The impact of COVID-19 is vast and varied, complex and evolving. From major disruptions to the global economy through to the dislocation of normal personal relationships, no country, business, community, family or individual has escaped its impacts. In addition to the direct health impacts of the virus, the economic, social, demographic, environmental, psychological, behavioural, political and institutional responses to, and consequences of, the pandemic have been, and will continue to be, profound. The social sciences, individually or working with other disciplines, have a key role to play in understanding, addressing and mitigating the unfolding impacts of the pandemic.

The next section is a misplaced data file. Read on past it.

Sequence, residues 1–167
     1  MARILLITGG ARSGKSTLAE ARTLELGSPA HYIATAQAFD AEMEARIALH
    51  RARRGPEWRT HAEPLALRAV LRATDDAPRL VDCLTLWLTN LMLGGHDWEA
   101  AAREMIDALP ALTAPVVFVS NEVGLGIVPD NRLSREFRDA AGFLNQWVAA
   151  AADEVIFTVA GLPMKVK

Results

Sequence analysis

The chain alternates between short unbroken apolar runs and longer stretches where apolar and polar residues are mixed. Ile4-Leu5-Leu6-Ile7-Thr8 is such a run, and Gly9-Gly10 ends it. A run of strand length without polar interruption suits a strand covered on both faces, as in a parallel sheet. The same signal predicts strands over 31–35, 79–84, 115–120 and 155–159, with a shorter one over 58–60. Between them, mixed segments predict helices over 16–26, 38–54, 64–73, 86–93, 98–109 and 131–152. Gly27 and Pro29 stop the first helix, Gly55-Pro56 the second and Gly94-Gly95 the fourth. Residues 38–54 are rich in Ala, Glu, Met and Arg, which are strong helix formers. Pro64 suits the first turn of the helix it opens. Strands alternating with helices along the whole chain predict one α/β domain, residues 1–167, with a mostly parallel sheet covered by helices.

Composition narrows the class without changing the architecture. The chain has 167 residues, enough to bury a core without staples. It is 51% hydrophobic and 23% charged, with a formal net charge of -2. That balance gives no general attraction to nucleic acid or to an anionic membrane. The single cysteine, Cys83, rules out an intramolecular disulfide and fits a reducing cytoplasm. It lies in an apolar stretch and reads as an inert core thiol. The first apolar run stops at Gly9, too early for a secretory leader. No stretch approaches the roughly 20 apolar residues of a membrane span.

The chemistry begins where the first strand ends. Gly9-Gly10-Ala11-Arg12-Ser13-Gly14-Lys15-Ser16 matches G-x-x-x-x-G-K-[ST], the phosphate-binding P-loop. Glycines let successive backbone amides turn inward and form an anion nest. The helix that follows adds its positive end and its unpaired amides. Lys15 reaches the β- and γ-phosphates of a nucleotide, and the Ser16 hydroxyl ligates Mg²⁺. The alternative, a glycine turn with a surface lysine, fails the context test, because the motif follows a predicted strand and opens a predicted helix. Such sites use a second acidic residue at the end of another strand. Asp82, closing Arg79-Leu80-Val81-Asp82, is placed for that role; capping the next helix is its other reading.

Project length: Up to 18 months

Open- no deadline

UKRI/AHRC: Research and innovation ideas to address Covid-19

The AHRC welcomes applications to the UKRI open call for research and innovation ideas to address the COVID-19 pandemic and its impacts. 

Of the priority areas and research questions outlined, the following may be of particular interest: 

Policy and behavioural change:  What behavioural responses are most effective – singly and in combination – at reducing infection? Which behavioural responses are most effective in different risk environments at work, at home, during transport, etc (work in this area should include consideration of the viral load)?